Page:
The link between the maximum curvature and the elevation bias can be qualitatively illustrated if we consider how slopes are represented by low- and high-resolution DEMs. A slope that is constant over numerous continuous coarse pixels (i.e. low curvature values in the direction of the slope) will be equally represented by the low- and high- resolution DEMs. By contrast, a slope that is constant only over a few high-resolution pixels (i.e. high curvature values in the direction of the slope) will be better estimated by the high-resolution than by the coarser DEM (Kervyn and others, 2008).

The relation between elevation differences and the terrain maximum curvature from our experiment (Fig. 1b) is similar over and outside glaciers, a key condition for using it confidently to correct the elevation differences on glaciers. Conversely, elevation differences as a function of altitude (not shown here) or as a function of slope (Fig. 1a) differ strongly on and off glaciers, because of different curvature distributions. We also tested other definitions of curvature for correcting this bias, which revealed that the plan curvature also has a clear relationship with the elevation difference, but does not fully compensate the bias, as the maximum curvature does (squares in Fig. 2).

Fig. 2. Elevation differences off glaciers between SPOT5 and SRTM C-band DEMs as a function of altitude. Filled circles represent raw elevation differences, open circles elevation differences after correction based on terrain maximum curvature, and squares those after a correction based on terrain plan curvature.

This bias due to DEMs of different resolutions can thus be corrected on and off glaciers, based on the maximum curvature of each pixel (taken from the high-resolution DEM) and using the relation between elevation differences and maximum curvature established off glaciers. As the curvature varies within a glacier, the correction will introduce local modifications of elevation changes. How this correction will influence the individual glacier (or glacier- complex) mass balance will depend on the curvature distribution, which varies from one glacier to another.

This validity of the curvature correction has been tested in a real case study involving a SPOT5 DEM from December 2008 and the SRTM C-band DEM from February 2000 over Karakoram. The raw elevation differences (SPOT5-SRTMC-band) off glaciers exhibit a positive elevation bias above 5000 m that reaches 11 m at 6000 m (black circles in Fig. 2). The relation between maximum curvature and the elevation differences has been computed on ice- free terrain and used to correct the elevation bias. The SPOT5-SRTMC-band differences after correction show that the elevation bias has been properly removed (open circles in Fig. 2). A correction based on plan curvature has also been tested (squares in Fig. 2). Part of the bias is corrected, but the adjustment is not as good, with a 5 m bias remaining at 6000 m.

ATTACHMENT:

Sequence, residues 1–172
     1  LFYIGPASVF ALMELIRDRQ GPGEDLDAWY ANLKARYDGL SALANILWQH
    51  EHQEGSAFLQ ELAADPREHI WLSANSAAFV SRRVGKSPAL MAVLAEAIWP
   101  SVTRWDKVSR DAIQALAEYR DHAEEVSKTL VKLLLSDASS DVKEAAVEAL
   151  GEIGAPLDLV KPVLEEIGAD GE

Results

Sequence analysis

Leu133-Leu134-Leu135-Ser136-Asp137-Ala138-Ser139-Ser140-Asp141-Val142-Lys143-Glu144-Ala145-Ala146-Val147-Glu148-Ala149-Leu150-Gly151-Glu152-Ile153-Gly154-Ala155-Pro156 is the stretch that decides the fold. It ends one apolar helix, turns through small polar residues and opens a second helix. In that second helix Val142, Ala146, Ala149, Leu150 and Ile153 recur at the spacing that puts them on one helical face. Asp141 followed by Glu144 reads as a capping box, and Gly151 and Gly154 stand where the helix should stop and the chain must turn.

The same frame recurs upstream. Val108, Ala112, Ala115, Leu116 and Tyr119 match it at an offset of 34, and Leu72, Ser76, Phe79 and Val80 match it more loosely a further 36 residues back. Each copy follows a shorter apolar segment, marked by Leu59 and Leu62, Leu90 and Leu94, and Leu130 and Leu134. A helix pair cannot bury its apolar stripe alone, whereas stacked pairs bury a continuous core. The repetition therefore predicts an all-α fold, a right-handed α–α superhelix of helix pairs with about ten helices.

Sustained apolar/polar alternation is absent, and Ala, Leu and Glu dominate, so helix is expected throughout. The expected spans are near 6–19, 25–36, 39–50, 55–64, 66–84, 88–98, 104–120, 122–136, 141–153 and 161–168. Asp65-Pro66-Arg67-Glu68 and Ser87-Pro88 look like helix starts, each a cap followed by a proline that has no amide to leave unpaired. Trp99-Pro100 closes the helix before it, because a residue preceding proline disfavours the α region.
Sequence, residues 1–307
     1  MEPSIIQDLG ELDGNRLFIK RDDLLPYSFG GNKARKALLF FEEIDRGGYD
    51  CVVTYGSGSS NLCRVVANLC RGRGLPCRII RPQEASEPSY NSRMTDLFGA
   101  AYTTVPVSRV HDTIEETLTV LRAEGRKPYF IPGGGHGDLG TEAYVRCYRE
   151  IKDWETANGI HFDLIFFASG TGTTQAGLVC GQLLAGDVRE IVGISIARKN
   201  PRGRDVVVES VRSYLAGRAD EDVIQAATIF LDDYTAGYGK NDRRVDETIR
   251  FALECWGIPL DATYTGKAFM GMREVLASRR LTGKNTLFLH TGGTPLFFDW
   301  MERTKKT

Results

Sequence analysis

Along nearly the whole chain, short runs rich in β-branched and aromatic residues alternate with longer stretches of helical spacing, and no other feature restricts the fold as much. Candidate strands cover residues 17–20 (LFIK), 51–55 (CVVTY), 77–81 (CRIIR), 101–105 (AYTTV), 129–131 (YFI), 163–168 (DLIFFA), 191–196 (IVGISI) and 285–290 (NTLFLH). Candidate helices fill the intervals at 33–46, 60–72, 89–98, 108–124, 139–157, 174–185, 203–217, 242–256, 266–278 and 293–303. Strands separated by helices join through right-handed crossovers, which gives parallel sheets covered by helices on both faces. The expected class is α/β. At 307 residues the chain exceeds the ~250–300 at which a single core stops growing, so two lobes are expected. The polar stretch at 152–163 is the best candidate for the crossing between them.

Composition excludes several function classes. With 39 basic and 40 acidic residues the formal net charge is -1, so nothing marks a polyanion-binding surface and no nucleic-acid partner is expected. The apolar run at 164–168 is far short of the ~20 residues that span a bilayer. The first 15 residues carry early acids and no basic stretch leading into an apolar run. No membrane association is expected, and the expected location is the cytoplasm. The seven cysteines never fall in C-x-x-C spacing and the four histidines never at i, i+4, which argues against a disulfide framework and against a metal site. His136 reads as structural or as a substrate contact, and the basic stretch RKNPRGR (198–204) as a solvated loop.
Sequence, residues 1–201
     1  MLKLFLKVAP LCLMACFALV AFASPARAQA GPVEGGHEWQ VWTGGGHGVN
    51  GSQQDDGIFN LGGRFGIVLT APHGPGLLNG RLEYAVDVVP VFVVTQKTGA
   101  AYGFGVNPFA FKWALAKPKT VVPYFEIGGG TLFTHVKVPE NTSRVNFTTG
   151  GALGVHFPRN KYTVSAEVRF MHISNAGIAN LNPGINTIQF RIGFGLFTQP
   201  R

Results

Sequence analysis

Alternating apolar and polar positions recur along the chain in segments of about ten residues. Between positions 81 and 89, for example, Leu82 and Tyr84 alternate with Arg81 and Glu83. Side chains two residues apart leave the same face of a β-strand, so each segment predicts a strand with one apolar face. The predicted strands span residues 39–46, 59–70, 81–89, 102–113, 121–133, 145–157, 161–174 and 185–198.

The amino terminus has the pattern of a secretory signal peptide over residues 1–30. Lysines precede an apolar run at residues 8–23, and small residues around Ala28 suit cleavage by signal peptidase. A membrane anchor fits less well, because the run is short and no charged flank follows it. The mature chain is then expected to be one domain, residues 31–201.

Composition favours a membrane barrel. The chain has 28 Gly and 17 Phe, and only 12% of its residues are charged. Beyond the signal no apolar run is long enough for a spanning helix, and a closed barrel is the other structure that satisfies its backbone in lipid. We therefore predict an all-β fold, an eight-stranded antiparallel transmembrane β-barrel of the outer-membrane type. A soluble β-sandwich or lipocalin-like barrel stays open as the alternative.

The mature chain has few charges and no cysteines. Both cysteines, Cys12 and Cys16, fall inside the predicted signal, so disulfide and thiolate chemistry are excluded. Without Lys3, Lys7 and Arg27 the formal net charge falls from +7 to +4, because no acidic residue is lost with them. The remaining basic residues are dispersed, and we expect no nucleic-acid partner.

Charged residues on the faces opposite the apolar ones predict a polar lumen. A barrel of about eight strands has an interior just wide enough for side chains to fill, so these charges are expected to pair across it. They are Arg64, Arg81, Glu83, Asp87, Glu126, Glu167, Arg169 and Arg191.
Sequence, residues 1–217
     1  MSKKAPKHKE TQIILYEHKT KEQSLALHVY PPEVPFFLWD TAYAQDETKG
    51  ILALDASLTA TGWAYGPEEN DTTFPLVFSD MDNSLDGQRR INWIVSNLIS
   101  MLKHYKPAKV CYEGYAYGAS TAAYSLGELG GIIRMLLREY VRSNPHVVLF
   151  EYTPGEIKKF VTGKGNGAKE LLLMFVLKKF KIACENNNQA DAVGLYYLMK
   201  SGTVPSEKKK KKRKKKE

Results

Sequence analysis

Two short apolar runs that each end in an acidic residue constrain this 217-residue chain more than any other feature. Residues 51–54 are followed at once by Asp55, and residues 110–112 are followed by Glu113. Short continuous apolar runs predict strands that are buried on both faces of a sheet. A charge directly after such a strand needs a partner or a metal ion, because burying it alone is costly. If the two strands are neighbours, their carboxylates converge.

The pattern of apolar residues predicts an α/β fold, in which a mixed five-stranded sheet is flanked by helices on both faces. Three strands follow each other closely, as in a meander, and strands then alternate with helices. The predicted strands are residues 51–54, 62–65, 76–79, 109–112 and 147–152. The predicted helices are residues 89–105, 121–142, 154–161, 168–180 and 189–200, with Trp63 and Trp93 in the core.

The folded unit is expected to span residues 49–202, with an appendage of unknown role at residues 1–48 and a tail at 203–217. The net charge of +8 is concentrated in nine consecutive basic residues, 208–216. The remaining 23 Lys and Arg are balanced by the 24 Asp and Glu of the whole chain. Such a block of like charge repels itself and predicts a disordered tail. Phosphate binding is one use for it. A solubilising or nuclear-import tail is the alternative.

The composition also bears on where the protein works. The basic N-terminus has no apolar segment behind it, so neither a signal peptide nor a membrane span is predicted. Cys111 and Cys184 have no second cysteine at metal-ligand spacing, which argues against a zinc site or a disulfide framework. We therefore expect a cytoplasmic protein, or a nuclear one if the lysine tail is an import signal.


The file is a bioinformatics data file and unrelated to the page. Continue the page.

Accounting for Radar Penetration

Another factor that can affect the glacier elevation changes computed with at least one radar DEM (e.g. SRTM C-band) is the penetration of the radar signal into snow and/or ice. Comparison of the SRTM X-band (9.7GHz) and C-band (5.7GHz) DEMs allows us to quantify this penetration, as it is much smaller in the X-band than in the C-band. These two DEMs were acquired simultaneously, so no ‘glaciological’ elevation change is expected. However, the coverage of the SRTM X-band DEM is not continuous. The swath width is narrower (~50 km), and the resulting DEM is available only along selected strips.

The C-band DEM has been resampled to 30 m and subtracted from the X-band DEM. First, because of the difference in the original resolution of the DEMs, a correction according to the terrain maximum curvature was applied using the above-described method. Then, in addition to the glacier inventory, we identified the snow- covered areas (both on and off glaciers) on a Landsat image from 24 February 2000, a few days after the acquisition of both SRTM DEMs. The SRTMX-band-SRTMC-band differences as a function of altitude (Fig. 3) show no significant bias over debris-covered parts of glaciers or bare ice-free terrain, confirming the efficiency of the curvature correction.

Fig. 3. Elevation differences between SRTMX-band and SRTMC-band as a function of altitude.